How did I become that person? It happened because it was exhilarating. Every time I would call someone racist or sexist, I would get a rush. That rush would then be reaffirmed and sustained by the stars, hearts, and thumbs-up that constitute the nickels and dimes of social media validation. The people giving me these stars, hearts, and thumbs-up were engaging in their own cynical game: A fear of being targeted by the mob induces us to signal publicly that we are part of it.

Just a few years ago, many of my friends and peers who self-identify as liberals or progressives were open fans of provocative standup comedians such as Sarah Silverman, and shows like South Park. Today, such material is seen as deeply “problematic,” or even labeled as hate speech. I went from minding my own business when people told risqué jokes to practically fainting when they used the wrong pronoun or expressed a right-of-center view. I went from making fun of the guy who took edgy jokes too seriously, to becoming that guy.

When my callouts were met with approval and admiration, I was lavished with praise: “Thank you so much for speaking out!” “You’re so brave!” “We need more men like you!”

Then one day, suddenly, I was accused of some of the very transgressions I’d called out in others. I was guilty, of course: There’s no such thing as due process in this world. And once judgment has been rendered against you, the mob starts combing through your past, looking for similar transgressions that might have been missed at the time. I was now told that I’d been creating a toxic environment for years at my workplace; that I’d been making the space around me unsafe through microaggressions and macroaggressions alike.

Social justice is a surveillance culture, a snitch culture. The constant vigilance on the part of my colleagues and friends did me in. That’s why I’m delivering sushi and pizza. Not that I’m complaining. It’s honest work, and it’s led me to rediscover how to interact with people in the real world. I am a kinder and more respectful person now that I’m not regularly on social media attacking people for not being “kind” and “respectful.”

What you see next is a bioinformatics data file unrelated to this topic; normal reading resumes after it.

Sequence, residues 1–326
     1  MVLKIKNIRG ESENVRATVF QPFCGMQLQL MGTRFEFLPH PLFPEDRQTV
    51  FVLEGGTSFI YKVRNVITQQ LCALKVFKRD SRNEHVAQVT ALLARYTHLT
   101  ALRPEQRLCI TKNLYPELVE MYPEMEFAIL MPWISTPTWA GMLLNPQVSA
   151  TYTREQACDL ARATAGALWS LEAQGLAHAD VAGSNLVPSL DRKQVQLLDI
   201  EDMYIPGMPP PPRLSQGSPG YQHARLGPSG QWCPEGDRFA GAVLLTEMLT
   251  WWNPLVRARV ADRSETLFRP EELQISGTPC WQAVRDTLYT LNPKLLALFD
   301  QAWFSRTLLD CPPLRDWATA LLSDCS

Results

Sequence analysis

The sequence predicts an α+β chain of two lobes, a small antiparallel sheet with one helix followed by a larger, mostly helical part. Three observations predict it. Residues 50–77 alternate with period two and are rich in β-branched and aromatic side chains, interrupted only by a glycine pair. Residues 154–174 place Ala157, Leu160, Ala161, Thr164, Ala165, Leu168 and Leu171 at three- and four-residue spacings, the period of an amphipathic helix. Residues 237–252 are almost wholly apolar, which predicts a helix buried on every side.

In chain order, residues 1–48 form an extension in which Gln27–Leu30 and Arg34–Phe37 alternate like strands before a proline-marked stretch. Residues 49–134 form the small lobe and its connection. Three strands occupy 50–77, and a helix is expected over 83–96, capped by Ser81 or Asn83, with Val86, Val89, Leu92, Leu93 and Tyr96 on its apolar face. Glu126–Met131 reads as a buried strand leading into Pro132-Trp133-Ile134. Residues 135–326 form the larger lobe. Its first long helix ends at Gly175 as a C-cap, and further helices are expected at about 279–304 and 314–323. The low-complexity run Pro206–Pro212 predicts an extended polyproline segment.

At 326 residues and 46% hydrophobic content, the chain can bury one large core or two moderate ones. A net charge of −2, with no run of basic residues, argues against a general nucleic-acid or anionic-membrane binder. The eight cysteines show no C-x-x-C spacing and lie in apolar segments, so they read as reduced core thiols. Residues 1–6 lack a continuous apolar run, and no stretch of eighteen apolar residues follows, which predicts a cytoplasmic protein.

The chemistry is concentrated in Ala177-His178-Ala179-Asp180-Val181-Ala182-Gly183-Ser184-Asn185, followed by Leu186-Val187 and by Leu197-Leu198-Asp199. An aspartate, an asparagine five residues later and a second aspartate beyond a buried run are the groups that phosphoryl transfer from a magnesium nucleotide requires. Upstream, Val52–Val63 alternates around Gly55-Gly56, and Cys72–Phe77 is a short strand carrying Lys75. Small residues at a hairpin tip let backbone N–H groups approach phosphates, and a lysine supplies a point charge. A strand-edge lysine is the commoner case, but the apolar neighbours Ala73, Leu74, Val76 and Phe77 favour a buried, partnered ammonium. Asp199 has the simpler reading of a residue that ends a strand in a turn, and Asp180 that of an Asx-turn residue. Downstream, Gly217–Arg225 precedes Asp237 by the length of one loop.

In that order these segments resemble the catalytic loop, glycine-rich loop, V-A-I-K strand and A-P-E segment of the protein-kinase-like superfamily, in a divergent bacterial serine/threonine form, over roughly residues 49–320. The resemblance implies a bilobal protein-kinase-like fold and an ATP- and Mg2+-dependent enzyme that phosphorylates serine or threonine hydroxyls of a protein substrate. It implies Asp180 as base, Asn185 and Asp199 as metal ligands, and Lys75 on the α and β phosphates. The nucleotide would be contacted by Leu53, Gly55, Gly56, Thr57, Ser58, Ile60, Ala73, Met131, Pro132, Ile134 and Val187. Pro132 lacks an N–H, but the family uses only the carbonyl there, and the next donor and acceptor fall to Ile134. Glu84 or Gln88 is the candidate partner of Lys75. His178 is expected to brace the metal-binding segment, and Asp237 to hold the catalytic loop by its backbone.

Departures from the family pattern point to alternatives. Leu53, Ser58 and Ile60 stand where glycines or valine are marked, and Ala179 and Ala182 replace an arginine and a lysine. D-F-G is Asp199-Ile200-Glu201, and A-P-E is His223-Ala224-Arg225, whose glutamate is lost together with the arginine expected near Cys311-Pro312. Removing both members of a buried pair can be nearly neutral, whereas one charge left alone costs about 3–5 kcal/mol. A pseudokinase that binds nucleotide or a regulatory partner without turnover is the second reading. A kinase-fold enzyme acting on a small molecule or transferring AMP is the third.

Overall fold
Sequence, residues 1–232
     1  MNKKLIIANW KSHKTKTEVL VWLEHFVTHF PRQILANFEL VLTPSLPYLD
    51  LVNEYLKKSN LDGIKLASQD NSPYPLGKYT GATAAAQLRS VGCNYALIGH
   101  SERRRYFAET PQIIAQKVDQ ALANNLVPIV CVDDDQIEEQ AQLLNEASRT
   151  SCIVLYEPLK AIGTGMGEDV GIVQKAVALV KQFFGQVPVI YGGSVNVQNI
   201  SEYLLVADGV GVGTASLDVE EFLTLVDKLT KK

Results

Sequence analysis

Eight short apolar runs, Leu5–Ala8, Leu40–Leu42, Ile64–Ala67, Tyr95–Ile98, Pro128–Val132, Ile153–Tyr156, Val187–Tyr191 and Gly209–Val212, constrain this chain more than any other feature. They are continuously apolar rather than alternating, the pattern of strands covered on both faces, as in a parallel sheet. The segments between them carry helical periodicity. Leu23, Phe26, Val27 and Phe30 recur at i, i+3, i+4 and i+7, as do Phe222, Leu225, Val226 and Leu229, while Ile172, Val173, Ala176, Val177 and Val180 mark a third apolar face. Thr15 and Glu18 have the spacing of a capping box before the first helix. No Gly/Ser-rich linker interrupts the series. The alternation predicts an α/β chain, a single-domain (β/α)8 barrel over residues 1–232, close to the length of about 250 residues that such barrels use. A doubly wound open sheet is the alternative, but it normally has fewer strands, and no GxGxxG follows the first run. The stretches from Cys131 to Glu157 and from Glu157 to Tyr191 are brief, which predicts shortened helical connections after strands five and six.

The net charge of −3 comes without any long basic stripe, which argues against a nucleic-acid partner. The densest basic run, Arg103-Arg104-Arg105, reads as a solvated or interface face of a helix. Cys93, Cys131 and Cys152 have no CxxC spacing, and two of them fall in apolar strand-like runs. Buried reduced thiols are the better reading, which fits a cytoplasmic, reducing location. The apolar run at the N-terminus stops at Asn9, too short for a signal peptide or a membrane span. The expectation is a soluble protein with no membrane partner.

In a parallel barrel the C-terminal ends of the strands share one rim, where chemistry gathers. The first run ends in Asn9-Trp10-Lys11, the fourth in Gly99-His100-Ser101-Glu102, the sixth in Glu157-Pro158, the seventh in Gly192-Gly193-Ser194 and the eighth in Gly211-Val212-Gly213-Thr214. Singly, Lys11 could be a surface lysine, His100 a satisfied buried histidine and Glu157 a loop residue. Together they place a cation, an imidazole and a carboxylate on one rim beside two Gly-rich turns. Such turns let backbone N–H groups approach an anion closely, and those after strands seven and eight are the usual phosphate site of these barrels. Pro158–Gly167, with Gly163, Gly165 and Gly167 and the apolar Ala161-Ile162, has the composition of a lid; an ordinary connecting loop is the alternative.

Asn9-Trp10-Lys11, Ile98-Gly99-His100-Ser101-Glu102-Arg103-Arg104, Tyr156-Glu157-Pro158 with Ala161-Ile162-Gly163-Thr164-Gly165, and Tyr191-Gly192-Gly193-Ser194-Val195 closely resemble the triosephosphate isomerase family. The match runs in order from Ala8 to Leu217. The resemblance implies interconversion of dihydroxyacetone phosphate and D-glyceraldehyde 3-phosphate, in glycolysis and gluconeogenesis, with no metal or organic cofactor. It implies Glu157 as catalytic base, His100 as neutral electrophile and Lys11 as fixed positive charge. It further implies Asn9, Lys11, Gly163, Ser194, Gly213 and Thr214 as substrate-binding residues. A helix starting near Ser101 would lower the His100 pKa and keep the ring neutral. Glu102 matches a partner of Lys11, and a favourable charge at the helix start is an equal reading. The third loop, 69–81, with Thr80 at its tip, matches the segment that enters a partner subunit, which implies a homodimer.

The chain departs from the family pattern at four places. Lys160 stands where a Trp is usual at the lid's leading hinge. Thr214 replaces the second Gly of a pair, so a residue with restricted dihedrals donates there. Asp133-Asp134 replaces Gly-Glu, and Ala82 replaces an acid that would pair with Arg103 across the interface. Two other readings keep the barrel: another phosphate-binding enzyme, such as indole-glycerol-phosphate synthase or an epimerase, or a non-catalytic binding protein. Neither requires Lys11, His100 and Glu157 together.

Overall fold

I mobbed and shamed people for incidents that became front-page news. But when they were vindicated or exonerated by some real-world investigation, it was treated as a footnote by my online community. If someone survives a social justice callout, it simply means that the mob has moved on to someone new. No one ever apologizes for a false accusation, and everyone has a selective memory regarding what they’ve done.

RTWT AT I Was the Mob Until the Mob Came for Me


If I had a hammer….

The Essential Craftsman’s Scott Wadsworth takes us on a tour of blacksmith shop artifacts with a side trip into how the 1,912 miles of the transcontinental railroad were hammered into place.

“Gotta love the legacy of hard work that is printed all over these things by their very existence.”

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The Magic Meal Maker

“The Planning Center — this is the heart and the brain of the RCA-Whirlpool Miracle Kitchen. For example, there’s a button that turns on a built-in color television set that brings entertainment into your Miracle Kitchen of the future. Other buttons select recipes, request an inventory of food stock, select food from storage, or complete the automatic meal from the Magic Meal Maker.”